Manage your energy costs

The network and metering charges form part of the electricity bill you receive from your energy retailer. The other main charge is for the electricity you consume.

There are two main ways you can manage the cost of electricity to your business. The first is by ensuring you are on the best tariff and plan for the nature of your business and in particular, maximising financial advantages offered by Time of Use tariff arrangements.

The second is to make the most of opportunities to improve energy efficiency in your operations including the management of network demand charges.

Network tariffs and charges

There are different classes of tariffs depending on whether you draw your power from low or high voltage networks. There are also different categories of tariffs depending on when you use the most power.

Full background on how our network tariffs and charges are set is provided in the Affordability section of our website.

Our Tariff Structure Statement that applies from 1 July 2021 to 30 June 2026 makes some significant changes to our tariffs to provide greater choice and control for business customers. Click here to view it now.

For small business customers consuming less than 40MWh per year, we’ve amended our time of use (ToU) tariff by introducing a shorter peak window of 9am to 9pm weekdays. This new tariff is now set as the default for customers upgrading to three-phase power supply and/or installing solar PV.

Any small businesses on the legacy ToU tariffs have been moved onto the new structure. There are no changes for small business customers consuming over 40MWh per year and less than 160MWh per year who are already on a demand tariff.

For large business customers using over 160MWh per year, we measure all demand between 8am and 8pm on weekdays. This provides an incentive for large businesses to, when possible, shift high electricity usage into times when lower tariff prices apply.

Click here to find more information about network charges for large electricity users. Please note that you’ll need to speak with your energy retailer to negotiate any changes to your tariff rates.

Improving workplace energy efficiency

By improving the energy efficiency of your business, you could be helping to reduce your electricity bill. The following are some initiatives you can undertake that may help – but we recommend you seek expert advice to decide the best option for your business. Specialist advisors can help with energy audits and technical support.

Workplace energy efficiency initiatives

  • Power factor correction

    Power factor is a measure of how effectively you are using your power inside your business. It will vary from month to month depending on usage patterns.

    If your business has a low power factor then you can improve this by installing corrective equipment like capacitors that help to decrease your total electricity demand.

  • Shifting load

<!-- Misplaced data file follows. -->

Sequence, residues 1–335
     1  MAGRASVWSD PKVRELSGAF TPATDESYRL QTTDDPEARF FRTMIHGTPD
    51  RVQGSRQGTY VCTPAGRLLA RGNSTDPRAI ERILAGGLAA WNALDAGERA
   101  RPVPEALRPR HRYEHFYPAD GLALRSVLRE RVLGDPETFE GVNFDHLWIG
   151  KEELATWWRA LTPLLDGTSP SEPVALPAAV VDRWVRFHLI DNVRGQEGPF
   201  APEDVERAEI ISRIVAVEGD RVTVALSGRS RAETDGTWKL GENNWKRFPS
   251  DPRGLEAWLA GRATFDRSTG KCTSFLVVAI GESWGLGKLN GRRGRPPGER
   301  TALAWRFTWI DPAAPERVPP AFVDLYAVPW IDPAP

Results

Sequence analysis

You can use simple manual methods like setting limits on the time you use appliances or apparatus – based on ToU tariff periods – to change when you use electricity and save money.

  • Voltage optimisation

    If your place of work does not have a dedicated transformer, you may benefit from installing a voltage optimiser at the main switchboard to dynamically control the output voltage to the ‘ideal’ range.

  • Solar PV and batteries

    The large roofs of some commercial, industrial and retail buildings make solar PV a viable option for generating some of your own electricity. Solar hot water may also be beneficial for hospitality businesses like hotels.

    We are proud members of the Clean Energy Council and their accredited installers can advise on designs and plans for large-scale systems. Please ensure you compare the potential outcomes of a solar system and how it may impact other alternatives for energy efficiency as part of the business case.

    If you choose to go down this path then you will also need to liaise with us so we can pre-approve any connection to the network – enabling the export of any excess power you generate.

    Batteries can be an integral part of your overall energy management system, but it has been shown that a holistic energy system – integrating batteries with renewable energy sources, standby generators and the grid – can provide the optimum energy solution for your business.

    The benefits of this include better demand management, power quality issue mitigation and a lowering of energy consumption costs while still providing a reliable source of back-up power.

  • Energy management system

    This is a computerised control system that manages electricity load so not all appliances run at the same time. It can also involve:

    • Adopting energy efficient lighting controlled by timed devices.
    • Installing inverters on variable speed drives and pumps which can control start-up demand and efficiency outcomes.
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